A fresh pair of socks is a simple comfort easily taken for granted for most, but for individuals experiencing homelessness—they are a rare commodity. Currently, more than 500,000 people in the U.S. are experiencing homelessness on any given night. Being unstably housed—whether that’s couch surfing, living on the streets, or somewhere in between—often means rarely taking your shoes off, walking for most if not all of the day, and having little access to laundry facilities. And since shelters are not able to provide pre-worn socks due to hygienic reasons, that very basic need is still not met, even if some help is provided. That’s why socks are the #1 most requested clothing item in shelters.

homelessness, bombasSocks are a simple comfort not everyone has access to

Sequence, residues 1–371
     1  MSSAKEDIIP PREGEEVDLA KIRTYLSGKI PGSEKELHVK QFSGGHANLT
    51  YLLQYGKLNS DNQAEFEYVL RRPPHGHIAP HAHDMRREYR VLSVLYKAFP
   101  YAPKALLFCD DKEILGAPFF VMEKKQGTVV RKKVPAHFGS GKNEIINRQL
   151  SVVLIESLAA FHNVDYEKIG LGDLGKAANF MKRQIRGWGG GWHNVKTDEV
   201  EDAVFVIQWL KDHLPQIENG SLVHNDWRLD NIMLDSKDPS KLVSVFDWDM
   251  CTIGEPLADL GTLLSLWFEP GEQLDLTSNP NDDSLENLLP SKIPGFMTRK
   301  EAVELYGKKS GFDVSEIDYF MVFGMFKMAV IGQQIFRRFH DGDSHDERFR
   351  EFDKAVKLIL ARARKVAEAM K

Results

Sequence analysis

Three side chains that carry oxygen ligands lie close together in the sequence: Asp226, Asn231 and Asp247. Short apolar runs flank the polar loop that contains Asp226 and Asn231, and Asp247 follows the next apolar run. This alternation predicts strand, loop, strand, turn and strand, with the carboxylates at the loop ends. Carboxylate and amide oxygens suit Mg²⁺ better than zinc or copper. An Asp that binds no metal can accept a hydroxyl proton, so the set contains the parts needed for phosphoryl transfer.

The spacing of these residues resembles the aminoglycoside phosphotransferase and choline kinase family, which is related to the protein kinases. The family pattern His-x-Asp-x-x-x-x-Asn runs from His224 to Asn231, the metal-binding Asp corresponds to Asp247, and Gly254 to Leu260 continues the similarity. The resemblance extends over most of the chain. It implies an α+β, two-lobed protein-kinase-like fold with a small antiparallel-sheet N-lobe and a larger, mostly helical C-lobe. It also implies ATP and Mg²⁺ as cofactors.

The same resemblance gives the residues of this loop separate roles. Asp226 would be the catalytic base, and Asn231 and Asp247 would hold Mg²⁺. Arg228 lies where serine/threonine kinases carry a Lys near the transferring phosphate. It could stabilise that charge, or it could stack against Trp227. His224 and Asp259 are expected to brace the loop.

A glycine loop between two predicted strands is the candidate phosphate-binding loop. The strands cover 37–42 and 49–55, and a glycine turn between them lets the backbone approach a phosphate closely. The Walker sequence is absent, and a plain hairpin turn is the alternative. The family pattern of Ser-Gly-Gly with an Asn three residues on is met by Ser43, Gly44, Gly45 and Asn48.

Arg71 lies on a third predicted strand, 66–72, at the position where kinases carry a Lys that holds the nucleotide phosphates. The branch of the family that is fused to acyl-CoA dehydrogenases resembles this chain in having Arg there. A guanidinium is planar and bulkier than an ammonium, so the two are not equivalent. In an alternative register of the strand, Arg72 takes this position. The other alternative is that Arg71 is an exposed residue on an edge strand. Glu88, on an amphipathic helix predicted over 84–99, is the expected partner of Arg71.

When the founders of Bombas, Dave Heath and Randy Goldberg, discovered this problem, they decided to be part of the solution. Using a One Purchased = One Donated business model, Bombas helps provide not only durable, high-quality socks, but also t-shirts and underwear (the top three most requested clothing items in shelters) to those in need nationwide. These meticulously designed donation products include added features intended to offer comfort, quality, and dignity to those experiencing homelessness.

Over the years, Bombas' mission has grown into an enormous movement, with more than 75 million items donated to date and a focus on providing support and visibility to the organizations and people that empower these donations. These are the incredible individuals who are doing the hard work to support those experiencing —or at risk of—homelessness in their communities every day.

Folks like Shirley Raines, creator of Beauty 2 The Streetz. Every Saturday, Raines and her team help those experiencing homelessness on Skid Row in Los Angeles “feel human” with free makeovers, haircuts, food, gift bags and (thanks to Bombas) fresh socks. 500 pairs, every week.